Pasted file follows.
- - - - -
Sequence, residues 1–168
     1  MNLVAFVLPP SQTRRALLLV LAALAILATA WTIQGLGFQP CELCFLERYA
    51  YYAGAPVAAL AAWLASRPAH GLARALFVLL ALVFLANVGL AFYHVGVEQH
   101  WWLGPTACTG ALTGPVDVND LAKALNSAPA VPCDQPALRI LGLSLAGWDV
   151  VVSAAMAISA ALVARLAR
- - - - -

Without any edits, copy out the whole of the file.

Sequence, residues 1–168
     1  MNLVAFVLPP SQTRRALLLV LAALAILATA WTIQGLGFQP CELCFLERYA
    51  YYAGAPVAAL AAWLASRPAH GLARALFVLL ALVFLANVGL AFYHVGVEQH
   101  WWLGPTACTG ALTGPVDVND LAKALNSAPA VPCDQPALRI LGLSLAGWDV
   151  VVSAAMAISA ALVARLAR